Student Breaks Neck on Worksite

A Canberra developer will pay a fine of $180,000 after a 16-year-old school student fell off a ladder and broke his neck on its worksite, but the ACT’s work safety boss says the fine is not steep enough to deter slipping safety standards. 

The young man broke his neck and suffers ongoing pain from his injuries. The ACT’s WorkSafe Commissioner says the fine is “underdone” and may not be enough to deter others. The ACT Industrial Court on Monday fined development company Nikias Diamond over the 2016 accident, which happened at an Amaroo worksite. 

The developer earlier pleaded guilty to charges of breaching its safety obligations. The boy, who was participating in a school program on the site, was on a ladder positioned next to an open void when he was called down by a worker. But as he descended the ladder, he stepped backwards into the hole, and fell six metres. He broke his neck and injured his spine, and has suffered serious ongoing pain since. 

The court heard he had since been unable to pursue his ambition to become a carpenter, and had only been able to study part time. In court on Monday, Magistrate Glenn Theakston noted the safety measures around open voids on the project had not been adequate. He said building sites were difficult and potentially dangerous areas to work. “They are not simple and stable environments,” he said. “Falling through an unmarked and uncovered void was certainly not a remote possibility, but rather a real possibility. “I note that the defendant concedes that this risk is notorious.” 

The boy had been on the site with a contractor called BCC Building. A second contractor, Feel Style, was also working on the site. Both companies have paid penalties of $132,000 and agreed to abide by enforceable undertakings. But the head company, Nikias Diamond, faced court charged with failing its safety duty. In handing down the $180,000 penalty, Mr Theakston also noted that while some issues with voids on the site had been addressed ahead of the accident, others had not. “The voids could have very easily have been covered had the defendant, through its officers, insisted that occur,” he said. “The defendant had a range of simple measures available to it to persuade Feel Style to take such action.”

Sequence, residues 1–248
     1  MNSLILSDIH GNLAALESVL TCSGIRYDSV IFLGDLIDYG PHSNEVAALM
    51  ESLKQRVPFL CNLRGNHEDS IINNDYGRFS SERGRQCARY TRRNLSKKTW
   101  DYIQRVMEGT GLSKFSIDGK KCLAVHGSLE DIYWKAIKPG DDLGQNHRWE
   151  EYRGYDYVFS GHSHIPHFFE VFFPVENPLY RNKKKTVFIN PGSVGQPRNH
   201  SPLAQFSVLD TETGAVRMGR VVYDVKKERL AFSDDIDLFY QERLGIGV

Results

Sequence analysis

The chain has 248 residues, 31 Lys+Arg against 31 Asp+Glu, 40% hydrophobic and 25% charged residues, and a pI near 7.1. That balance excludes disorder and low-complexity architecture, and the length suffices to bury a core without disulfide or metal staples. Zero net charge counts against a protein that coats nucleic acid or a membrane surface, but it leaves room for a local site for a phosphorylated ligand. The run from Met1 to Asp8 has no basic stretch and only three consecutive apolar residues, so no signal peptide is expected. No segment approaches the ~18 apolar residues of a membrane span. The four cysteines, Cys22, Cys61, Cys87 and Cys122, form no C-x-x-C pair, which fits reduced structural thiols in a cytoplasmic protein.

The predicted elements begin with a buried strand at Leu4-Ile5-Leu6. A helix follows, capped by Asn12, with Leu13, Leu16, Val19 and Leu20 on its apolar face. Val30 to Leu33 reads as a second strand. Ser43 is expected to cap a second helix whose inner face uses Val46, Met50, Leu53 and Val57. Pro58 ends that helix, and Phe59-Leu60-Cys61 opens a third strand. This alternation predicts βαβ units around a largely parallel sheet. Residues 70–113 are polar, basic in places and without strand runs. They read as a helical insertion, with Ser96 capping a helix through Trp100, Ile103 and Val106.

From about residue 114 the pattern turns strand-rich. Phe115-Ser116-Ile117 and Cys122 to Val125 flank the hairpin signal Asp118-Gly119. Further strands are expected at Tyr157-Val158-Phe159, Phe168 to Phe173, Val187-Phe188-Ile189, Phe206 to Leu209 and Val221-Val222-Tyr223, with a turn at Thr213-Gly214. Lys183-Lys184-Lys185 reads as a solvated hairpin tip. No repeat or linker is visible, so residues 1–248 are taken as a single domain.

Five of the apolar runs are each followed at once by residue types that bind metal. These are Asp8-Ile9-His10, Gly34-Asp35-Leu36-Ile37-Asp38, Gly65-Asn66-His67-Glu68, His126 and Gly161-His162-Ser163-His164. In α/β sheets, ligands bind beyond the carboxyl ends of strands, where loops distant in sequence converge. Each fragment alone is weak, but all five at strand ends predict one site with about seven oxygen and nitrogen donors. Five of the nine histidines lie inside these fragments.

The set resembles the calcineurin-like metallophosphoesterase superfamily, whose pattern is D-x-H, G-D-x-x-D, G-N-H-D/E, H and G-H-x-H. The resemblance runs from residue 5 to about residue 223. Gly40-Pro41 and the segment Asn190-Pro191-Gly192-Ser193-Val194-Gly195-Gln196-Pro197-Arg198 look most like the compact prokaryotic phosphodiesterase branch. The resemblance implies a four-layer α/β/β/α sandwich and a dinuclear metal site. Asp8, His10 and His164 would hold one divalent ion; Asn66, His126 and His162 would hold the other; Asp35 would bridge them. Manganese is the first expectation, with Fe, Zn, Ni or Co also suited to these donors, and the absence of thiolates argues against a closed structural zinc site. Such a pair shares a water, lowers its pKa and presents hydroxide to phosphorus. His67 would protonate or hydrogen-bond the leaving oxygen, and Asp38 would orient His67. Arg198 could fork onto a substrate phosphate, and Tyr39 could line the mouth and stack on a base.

Mr Theakston said there seemed to be an understanding on site that there was an exclusion zone around the areas, but he found signage had been inadequate to communicate that. He also found Nikias Diamond was not aware the student was part of a work experience group rather than an apprentice. 

He assessed the seriousness being on the lower end of offending, before imposing the fine of $180,000. The maximum fine for a breach is $1.5 million. In a statement, Nikias Diamond director Dimitri Nikias said the company accepted the conviction. “Magistrate Theakston appears to have appreciated that Nikias Diamond had the proper systems in place and put Nikias Diamond’s breach down to a temporary failure to enforce those systems,” he said. Magistrate Theakston was critical of other parties but noted that he did not have jurisdiction to consider their failings. “We understand that WorkSafe ACT has entered into enforceable undertakings with the other parties and the role of the ACT Education Directorate has not been examined. “Nikias Diamond fully acknowledges its role in the health and safety of all workers on its sites and maintains excellent systems to protect them.” 

The ACT’s work safety commissioner Greg Jones said he expected a fine of double what was handed down. “WorkSafe had an expectation of a more substantial deterrent,” he said. “We were thinking that this fine was a little bit underdone, we were expecting a higher penalty to provide a deterrent effect on that. “We were very … concerned that any worker, especially a young worker, can be injured in a situation which is very easily avoidable by having voids or risks of falls from heights appropriately managed on site.” 

Nikias Diamond had a turn over of more than $22 million last financial year, with a net profit of $565,000. The company has been given 18 months to pay the penalty. 

Source: ABC News

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